connectivity may be affected.
Step

Command

Function

ZXCTN 9000(config)#router bgp < as-number>

Starts the BGP process and specifies


the number of the AS where the
router resides.

ZXCTN 9000(config-router)#neighbor [ <

Configures a BGP neighbor or a

ipv4-address> | < peer-group-name> ] remote-as <

peer group and the AS number of

number>

the group.

ZXCTN 9000(config-router)#neighbor [ <

(Optional) Use this command to

ipv4-address> | < peer-group-name> ] update-source <

establish EBGP connections through


loopback addresses. This command

interface-name>

specifies the local loopback address


as the source IP address for
establishing TCP connections.

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Step

Command

Function

ZXCTN 9000(config-router)#neighbor [ <

Forcibly uses the own interface

ipv4-address> | peer-group-name> ] next-hop-self

address of the router as the next hop


address for advertising routes.

ZXCTN 9000(config-router)#no synchronization

Disables the synchronization


function so that the BGP neighbor
can advertise routes without waiting
for IGP synchronization.

The parameters in step 2 are described in the table below.


Parameter

Description

< ipv4-address>

Indicates the IPv4 address of the neighbor, in dotted decimal


notation.

< peer-group-name>

Indicates the name of the peer group.

< number>

Indicates the number of the AS where the neighbor resides. For


two-byte AS numbers, the value of this parameter ranges from 1
to 65535. For four-byte AS numbers, the value of this parameter
ranges from 1 to 4294967295.

The parameters in step 3 are described in the table below.


Parameter

Description

< ipv4-address>

Indicates the IPv4 address of the neighbor, in dotted decimal


notation.

< peer-group-name>

Indicates the name of the peer group.

< vlan id>

Indicates the interface name used as the source address for


establishing TCP connections in the BGP session.

The parameters in step 4 are described in the table below.


Parameter

Description

< ipv4-address>

Indicates the IPv4 address of the neighbor, in dotted decimal


notation.

< peer-group-name>

Indicates the name of the peer group.

In step 4, NEXT_HOP is a mandatory attribute that describes the IP address of the


next-hop router on the path to the destination address. There are there application
scenarios:
l

If the source and destination routers are in different ASs, the next-hop address is the
IP address of the interface on the router advertising the route.
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If the source and destination routers are in the same AS, and the destination of NLRI
in the update packet is also in the AS, the next-hop address is the IP address of the
neighbor.
If the source and destination routers are BGP peers in an AS, and NLRI in the update
packet is bound for another AS, the next-hop address is the IP address of the external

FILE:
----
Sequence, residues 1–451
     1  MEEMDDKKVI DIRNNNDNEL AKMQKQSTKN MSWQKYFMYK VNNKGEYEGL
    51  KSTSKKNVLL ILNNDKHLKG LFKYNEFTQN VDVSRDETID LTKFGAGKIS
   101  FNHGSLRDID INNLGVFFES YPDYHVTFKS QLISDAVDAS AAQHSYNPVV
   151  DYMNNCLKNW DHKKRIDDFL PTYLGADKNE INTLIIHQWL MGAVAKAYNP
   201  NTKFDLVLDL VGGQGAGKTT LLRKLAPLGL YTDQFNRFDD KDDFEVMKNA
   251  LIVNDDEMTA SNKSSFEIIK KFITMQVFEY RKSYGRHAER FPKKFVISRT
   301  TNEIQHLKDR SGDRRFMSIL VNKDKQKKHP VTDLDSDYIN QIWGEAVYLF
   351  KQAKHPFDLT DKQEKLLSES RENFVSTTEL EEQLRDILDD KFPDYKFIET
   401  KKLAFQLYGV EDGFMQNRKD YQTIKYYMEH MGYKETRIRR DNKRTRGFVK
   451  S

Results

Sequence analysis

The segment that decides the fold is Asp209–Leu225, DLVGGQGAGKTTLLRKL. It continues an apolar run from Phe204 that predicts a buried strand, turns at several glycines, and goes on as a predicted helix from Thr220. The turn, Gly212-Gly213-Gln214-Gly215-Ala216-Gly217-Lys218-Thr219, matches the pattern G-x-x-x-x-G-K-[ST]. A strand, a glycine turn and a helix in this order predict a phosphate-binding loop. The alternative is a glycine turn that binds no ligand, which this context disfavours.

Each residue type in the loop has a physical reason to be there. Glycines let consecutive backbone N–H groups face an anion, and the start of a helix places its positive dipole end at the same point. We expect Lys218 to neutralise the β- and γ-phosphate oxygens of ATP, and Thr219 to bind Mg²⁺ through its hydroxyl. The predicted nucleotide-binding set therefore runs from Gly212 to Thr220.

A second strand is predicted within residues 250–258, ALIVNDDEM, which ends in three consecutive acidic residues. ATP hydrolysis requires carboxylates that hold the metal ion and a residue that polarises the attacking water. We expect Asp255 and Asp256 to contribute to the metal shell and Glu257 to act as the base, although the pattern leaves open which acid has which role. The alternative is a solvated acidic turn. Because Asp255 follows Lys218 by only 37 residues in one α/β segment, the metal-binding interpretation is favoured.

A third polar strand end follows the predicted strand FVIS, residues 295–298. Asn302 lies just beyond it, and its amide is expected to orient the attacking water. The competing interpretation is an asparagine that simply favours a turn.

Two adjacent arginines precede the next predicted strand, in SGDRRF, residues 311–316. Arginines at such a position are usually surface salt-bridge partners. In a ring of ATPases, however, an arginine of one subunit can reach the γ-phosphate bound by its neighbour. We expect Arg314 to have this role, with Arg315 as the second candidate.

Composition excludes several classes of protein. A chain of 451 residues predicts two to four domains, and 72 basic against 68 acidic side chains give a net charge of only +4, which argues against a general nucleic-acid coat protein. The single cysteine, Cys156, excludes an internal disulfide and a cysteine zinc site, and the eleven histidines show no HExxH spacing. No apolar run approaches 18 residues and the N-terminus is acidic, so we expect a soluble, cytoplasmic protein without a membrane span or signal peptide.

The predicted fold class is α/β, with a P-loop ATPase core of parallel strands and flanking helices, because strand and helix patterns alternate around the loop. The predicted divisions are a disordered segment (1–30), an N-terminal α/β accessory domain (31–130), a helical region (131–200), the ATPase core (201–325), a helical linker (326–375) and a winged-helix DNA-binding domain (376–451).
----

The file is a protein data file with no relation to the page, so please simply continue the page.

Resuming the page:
peer of the learned route.

When an AS provides the transition service for another AS, the synchronization function in
step 5 guarantees that a BGP neighbor can send a route to external neighbors only after
all routers within the AS receive the route through IGP route spreading. When receiving a
route update packet from an IBGP neighbor, the router checks the synchronization before
forwarding the packet to EBGP neighbors. The packet is forwarded to EBGP neighbors
only when the IGP on the router recognizes the update packet, that is, the IGP routing
table contains the entry of the route. Otherwise, the router does not forward the packet.
The synchronization function is to ensure the connectivity inside an AS, avoiding
blackholes caused by routing loops. However, the synchronization function is generally
disabled in practice. The full meshed connection is used in the AS to guarantee
connectivity, thus avoiding large numbers of BGP routes injected to the IGP, accelerating
the processing rate of the router, and eliminating packet losses. To disable the
synchronization function without affecting service, one of the following requirements
should be met:
1. The AS must a stub AS, that is, the AS has only one interface to connect to the external
network.
2. Although the AS provides the transition service, that is, an AS can connect to another
AS over the local one, BGP runs on all routers in the local AS.
The second requirement is common in practice because BGP is configured on all routers
of an AS and IGP only needs to transmit routing information for the local AS.
By default, the synchronization function is enabled on the ZXCTN9000. You can run the
no synchronization command to disable the function.

Example
As shown in Figure 7-4, create IBGP neighbors through loopback addresses. P2 and
P3 are in the same AS. Establishing IBGP neighboring relationship between P2 and P3
through loopback addresses.

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Figure 7-4 Network Topology for Configuring IBGP Neighbors

The configuration of P2:


P2#config terminal
P2(config)#interface

vlan 1

P2(config-if-vlan1)#ip address 192.168.2.1 255.255.255.252


P2(config-if-vlan1)#exit
P2(config)#interface loopback1
P2(config-loopback1)#ip address 1.1.1.2 255.255.255.255
P2(config-loopback1)#exit
P2(config)#router bgp 65001
P2(config-router)#neighbor 1.1.1.3 remote-as 65001